The 27th Battalion Combat Team, responsible for assisting government agencies performing mandates related to peace and development, was assigned to Mindanao. Its command post was in Camp Kibaritan in Bukidnon, close to the border of Muslim Lanao del Sur; subsequently further south, in the equally forested Impalambong, also in Bukidnon. This team was unusual in that, having been organized in response to the Huk rebellion on July 27, 1950, it specialized in psychological warfare. Camp Kibaritan was to figure in an early expression of violent military overreaction to a local altercation: the incident in nearby Wa-O, Lanao del Sur, where soldiers tortured and publicly executed Muslim participants in a cockfight-related spat that resulted in the death of a soldier from Camp Kibaritan.

November 1964

The Tausug student leader, Nur Misuari, founded a radical Muslim organization called Bagong Asya (New Asia). He edited the organ of the Muslim Nationalists League, “Philippine Muslim News.” Misuari was one of the founders of Kabataang Makabayan when he was a student leader inspired by Maoist ideology; indeed, he studied briefly in China (in 1966) with the help of Jose Maria Sison, founder of the Communist Party of the Philippines. The intellectual and firebrand was also mentored by the esteemed Muslim-Filipino scholar Cesar Adib Majul. Misuari was in Manila among radicalized youth groups, through a scholarship given by the Commission of National Integration (CNI). His humble birth in Tapul, Sulu,[1] would have, in previous centuries, denied him access to higher education. Instead, he was among the first generation of 20th C Muslim leaders whose authority drew from modern education. In 1966, Misuari would be hired as lecturer at the University of the Philippines.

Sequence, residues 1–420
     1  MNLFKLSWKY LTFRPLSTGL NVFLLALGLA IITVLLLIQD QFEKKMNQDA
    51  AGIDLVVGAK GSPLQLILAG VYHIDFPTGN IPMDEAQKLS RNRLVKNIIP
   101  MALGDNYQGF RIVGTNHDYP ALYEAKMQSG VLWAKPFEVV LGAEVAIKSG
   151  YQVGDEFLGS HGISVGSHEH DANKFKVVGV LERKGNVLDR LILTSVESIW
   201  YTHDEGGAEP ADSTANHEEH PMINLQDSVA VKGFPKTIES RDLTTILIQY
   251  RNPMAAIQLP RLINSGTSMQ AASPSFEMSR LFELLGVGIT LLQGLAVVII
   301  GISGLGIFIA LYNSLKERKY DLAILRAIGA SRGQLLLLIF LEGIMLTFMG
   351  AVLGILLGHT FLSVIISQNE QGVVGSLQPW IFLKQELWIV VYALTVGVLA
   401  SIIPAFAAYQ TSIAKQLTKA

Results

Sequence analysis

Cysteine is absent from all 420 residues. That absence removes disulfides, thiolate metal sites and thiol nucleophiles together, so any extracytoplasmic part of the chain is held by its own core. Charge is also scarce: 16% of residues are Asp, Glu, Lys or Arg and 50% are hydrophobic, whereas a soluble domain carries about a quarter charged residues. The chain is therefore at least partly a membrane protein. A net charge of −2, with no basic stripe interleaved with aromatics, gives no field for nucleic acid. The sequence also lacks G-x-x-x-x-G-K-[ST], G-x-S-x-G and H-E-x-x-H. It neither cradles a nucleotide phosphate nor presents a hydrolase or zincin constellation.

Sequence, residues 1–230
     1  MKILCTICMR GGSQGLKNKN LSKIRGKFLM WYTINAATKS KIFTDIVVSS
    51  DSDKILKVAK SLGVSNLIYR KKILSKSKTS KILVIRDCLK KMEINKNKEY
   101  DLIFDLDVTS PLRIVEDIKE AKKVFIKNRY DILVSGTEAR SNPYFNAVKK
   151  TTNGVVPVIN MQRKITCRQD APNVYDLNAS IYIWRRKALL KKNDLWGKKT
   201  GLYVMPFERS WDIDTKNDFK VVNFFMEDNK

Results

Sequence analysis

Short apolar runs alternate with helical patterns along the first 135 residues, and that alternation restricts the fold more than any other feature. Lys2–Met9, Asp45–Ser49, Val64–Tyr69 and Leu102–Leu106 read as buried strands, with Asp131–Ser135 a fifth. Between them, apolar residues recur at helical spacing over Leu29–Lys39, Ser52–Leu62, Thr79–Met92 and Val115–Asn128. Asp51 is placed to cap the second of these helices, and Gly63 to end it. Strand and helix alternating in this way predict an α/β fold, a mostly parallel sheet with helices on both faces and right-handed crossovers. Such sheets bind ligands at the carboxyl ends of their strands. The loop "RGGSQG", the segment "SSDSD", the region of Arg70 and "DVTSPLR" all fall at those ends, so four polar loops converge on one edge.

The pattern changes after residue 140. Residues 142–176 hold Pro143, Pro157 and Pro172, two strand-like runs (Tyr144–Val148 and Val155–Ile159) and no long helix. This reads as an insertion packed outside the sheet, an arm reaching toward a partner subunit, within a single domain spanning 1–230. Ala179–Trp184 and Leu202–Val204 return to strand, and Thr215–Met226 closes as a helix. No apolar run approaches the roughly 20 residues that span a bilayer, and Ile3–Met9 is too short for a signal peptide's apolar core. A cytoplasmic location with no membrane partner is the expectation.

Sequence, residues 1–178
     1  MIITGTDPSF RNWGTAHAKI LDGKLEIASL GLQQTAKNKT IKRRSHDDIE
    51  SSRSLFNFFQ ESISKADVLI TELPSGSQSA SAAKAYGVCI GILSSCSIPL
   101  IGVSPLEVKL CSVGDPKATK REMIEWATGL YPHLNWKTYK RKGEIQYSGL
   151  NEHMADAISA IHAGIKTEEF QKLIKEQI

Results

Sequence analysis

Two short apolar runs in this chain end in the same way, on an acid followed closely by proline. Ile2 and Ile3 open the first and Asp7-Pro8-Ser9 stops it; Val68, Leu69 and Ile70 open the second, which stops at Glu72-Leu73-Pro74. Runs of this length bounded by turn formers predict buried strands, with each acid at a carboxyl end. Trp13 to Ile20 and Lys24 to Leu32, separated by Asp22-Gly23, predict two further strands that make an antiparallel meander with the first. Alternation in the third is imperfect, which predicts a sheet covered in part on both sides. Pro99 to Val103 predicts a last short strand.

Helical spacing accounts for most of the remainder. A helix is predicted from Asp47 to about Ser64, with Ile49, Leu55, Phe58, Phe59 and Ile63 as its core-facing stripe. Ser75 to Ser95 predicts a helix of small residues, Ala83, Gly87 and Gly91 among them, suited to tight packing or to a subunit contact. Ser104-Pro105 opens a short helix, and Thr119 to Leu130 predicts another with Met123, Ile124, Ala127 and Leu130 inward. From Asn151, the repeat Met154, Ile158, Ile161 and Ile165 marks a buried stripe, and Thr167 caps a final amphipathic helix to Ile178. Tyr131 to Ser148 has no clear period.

October 11, 1965

Chief of Staff: Brigadier General Rigoberto J. Atienza, Philippine Army   July 13, 1965 to January 22, 1966

Proclamation No. 472 reserved the site of Campo Muslim along Rio Hondo of Zamboanga City for the use of Muslims, excluding this area from a government center reservation. It had become clear that Mindanao’s Muslims had to have government intervention to secure tenure of domicile in certain areas. This instrument signals an embryonic understanding on the part of government that the social engineering of the 1950s, involving large-scale migration into Mindanao, had transpired with nearly total disinterest in the original inhabitants; and that ameliorative projects were needed at this point.

July 18, 1966

President: FERDINAND EDRALIN MARCOS December 30, 1965 to February 24, 1986
Chief of Staff: Brigadier General Ernesto S. Mata, Philippine Army January 22, 1966 to January 21, 1967

Republic Act No. 4849 created the Province of South Cotabato, carved out of the large Cotabato of the American colonial period. The province of Cotabato as it was delineated geographically in 1914, was subdivided into two provinces, South Cotabato and Cotabato. South Cotabato, since establishment, has had a majority population of settlers. It encompassed the municipalities of Norala, Surala, Banga, Tantangan, Koronadal, Tupi, Polomolok, Kiamba, Maitum, Maasim, Tampacan, and Glan; and the City of Rajah Buayan (General Santos) — all the traditional homelands of the B’laan and T’boli peoples, with the Buayan Maguindanao traditionally exerting power over the river systems and coasts. Koronadal, the epicenter of migration into Mindanao for half a century, became the capital of South Cotabato.


Unable to prevent President Marcos from carving up the large, early 20th C Cotabato and from clipping his own powers in national politics, Salipada K. Pendatun “faced the prospects of losing control within his own territory as rival datus, with Marcos’ support, renewed their assault on his power…The only way Pendatun could survive this assault was to bargain at the national party level and to sacrifice some of his allies, notably his own brother-in-law [Datu Udtog Matalam].” Writing with hindsight view, historian Patricio Abinales added, “…the cost was high [for Pendatun]. He now was increasingly dependent not on a loyal provincial base, but on fragile and unwieldy alliances of convenience set up by Manila and Marcos. In the 1969, Pendatun was re-elected to Congress but his was a Pyrrhic victory. For as he reclaimed his seat in the legislature, Cotabato’s landscape was transformed into a zone of religious and ‘ethnic’ battles, confrontations that presaged the bloody war of the 1970s.”[1]